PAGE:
Despite differences, Biden administration stresses transatlantic unity on Ukraine

Despite differences, Biden administration stresses transatlantic unity on Ukraine

“We cannot choose the path for Moscow, but we can make crystal clear the stark consequences of that choice,” Blinken told reporters after a hastily convened meeting of what is called the “Transatlantic Quad,” before making reference to NATO’s shared commitment to Ukraine’s sovereignty. “That unity gives us strength, a strength, I might add, that Russia does not and cannot match.”

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The Biden administration has accelerated its warnings that Russia, with some 100,000 troops positioned around Ukraine, may be preparing for an imminent invasion. Moscow has accused Ukraine of threatening its security by accumulating foreign weaponry and seeking to join the NATO alliance.

Most recently, Russia has moved forces into Belarus, Ukraine’s pro-Moscow neighbor to the north, in a development that Moscow has portrayed as a regular exercise but that Washington says could signal plans for an additional front against Ukraine.

Questions remained about how closely NATO nations are aligned on certain aspects of the Ukraine crisis, including how best to respond if Russia, which annexed Ukraine’s Crimea region in 2014, again resorts to force — questions that President Biden raised Wednesday in remarks about the situation.

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German Foreign Minister Annalena Baerbock, speaking alongside Blinken, said her country, like the United States, was committed to imposing “grave consequences” should Russia move forces into Ukraine.

“The coordination and consultation amongst us allies couldn’t be more intensive than it is,” she said.

The Biden administration has granted permission to the Baltic countries of Lithuania, Latvia and Estonia to send U.S.-made weapons to Ukraine, including Stinger air defense systems and Javelin antitank weapons, U.S. and European officials said. The decision, which was first reported by Politico, marks an escalation in the West’s confrontation with Moscow as countries prepare Kyiv to defend itself in the event of a Russian invasion.

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The Biden administration has also informed Congress that it will give Ukraine five Mi-17 transport helicopters, a State Department spokesperson said.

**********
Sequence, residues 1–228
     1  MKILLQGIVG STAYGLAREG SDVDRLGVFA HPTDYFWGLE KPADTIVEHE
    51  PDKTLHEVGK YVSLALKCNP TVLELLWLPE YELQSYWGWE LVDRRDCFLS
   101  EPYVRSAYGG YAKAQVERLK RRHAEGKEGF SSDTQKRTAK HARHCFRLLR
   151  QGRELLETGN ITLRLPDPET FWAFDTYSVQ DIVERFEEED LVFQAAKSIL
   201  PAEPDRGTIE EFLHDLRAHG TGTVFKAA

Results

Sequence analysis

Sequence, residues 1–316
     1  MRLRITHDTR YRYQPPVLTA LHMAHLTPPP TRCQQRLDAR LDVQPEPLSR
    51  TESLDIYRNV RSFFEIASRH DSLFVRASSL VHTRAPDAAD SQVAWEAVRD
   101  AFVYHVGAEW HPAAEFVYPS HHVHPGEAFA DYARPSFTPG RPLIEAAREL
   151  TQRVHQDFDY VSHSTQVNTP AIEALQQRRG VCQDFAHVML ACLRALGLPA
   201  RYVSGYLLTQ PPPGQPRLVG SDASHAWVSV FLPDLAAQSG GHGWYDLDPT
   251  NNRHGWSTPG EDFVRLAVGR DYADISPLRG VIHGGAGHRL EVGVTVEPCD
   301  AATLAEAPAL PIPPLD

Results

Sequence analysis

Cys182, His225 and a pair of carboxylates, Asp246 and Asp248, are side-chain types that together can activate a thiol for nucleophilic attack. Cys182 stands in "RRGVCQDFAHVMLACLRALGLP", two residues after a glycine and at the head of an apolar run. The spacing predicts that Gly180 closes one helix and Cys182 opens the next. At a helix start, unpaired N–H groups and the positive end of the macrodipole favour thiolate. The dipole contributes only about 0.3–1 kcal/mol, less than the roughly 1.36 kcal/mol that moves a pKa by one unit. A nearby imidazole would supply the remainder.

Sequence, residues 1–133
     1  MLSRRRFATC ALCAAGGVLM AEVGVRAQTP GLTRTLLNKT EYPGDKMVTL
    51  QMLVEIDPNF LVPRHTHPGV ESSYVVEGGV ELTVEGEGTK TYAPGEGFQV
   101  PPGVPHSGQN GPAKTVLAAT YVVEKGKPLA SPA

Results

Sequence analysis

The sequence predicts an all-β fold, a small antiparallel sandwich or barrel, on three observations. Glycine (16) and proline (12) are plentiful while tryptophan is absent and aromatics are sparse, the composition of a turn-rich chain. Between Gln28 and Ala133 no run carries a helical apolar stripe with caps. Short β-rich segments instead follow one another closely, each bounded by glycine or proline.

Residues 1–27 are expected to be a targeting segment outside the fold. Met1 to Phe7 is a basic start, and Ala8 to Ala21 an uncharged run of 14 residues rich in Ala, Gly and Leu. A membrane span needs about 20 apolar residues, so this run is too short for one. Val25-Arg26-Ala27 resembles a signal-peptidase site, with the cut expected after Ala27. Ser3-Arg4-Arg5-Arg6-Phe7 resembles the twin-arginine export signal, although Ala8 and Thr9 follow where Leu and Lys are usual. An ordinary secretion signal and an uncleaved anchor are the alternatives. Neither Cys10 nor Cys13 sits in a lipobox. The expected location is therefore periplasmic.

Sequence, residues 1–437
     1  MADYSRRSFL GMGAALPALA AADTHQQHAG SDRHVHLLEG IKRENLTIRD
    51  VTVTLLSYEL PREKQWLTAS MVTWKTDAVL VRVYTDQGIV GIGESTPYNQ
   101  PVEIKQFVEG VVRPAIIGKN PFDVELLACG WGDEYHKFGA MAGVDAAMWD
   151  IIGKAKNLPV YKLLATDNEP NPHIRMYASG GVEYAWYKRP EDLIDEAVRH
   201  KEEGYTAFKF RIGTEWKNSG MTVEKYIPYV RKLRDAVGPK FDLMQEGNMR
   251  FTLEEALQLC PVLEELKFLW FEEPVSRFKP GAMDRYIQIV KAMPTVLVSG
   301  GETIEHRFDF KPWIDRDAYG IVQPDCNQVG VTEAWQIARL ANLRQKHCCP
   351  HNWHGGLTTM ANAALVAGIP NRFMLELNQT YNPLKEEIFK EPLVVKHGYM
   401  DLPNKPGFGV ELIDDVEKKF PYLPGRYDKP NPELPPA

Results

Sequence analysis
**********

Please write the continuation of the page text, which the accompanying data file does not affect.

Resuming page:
The spokesman declined to discuss the Baltic weapons transfers but added that “the United States and its allies and partners are standing together to expedite security assistance to Ukraine. We are in close touch with our Ukrainian partners and our NATO allies on this and are utilizing all available security cooperation tools to help Ukraine bolster its defenses in the face of growing Russian aggression.”

At the same time, while NATO members unanimously voiced backing this month for maintaining the alliance’s “open-door” policy that could permit Ukraine’s eventual membership, they have differing positions on Kyiv’s accession and how exactly to respond to a Russian assault.

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Jim Townsend, who served as a senior Pentagon official for Europe, said a major point of divergence were potential sanctions related to the energy sector.

“That’s Europe’s Achilles’ heel, their dependency on Russia for oil and gas. So if sanctions imperil energy supplies, nations are less likely to sanction that sector,” he said. “With these fissures, strong U.S. and NATO leadership is vital; [NATO] Secretary General [Jens] Stoltenberg and Tony Blinken will have to be at the top of their game to keep everyone together in the face of Russian pressure.”

On Wednesday, French President Emmanuel Macron said European nations should engage with Russia independently, instead of relying on the United States to represent their interests to Russia.

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“It is good that Europeans and the United States coordinate, but it is necessary that Europeans conduct their own dialogue,” Macron said, according to the Reuters news agency.

In addition, Germany’s new government has only haltingly signaled a willingness to pause the Nord Stream 2 pipeline, which will bring Russian gas to Western Europe, as a retaliatory move if Russia invades. Blinken, meanwhile, has suggested the project will be abandoned if war erupts, something the German government has not affirmed.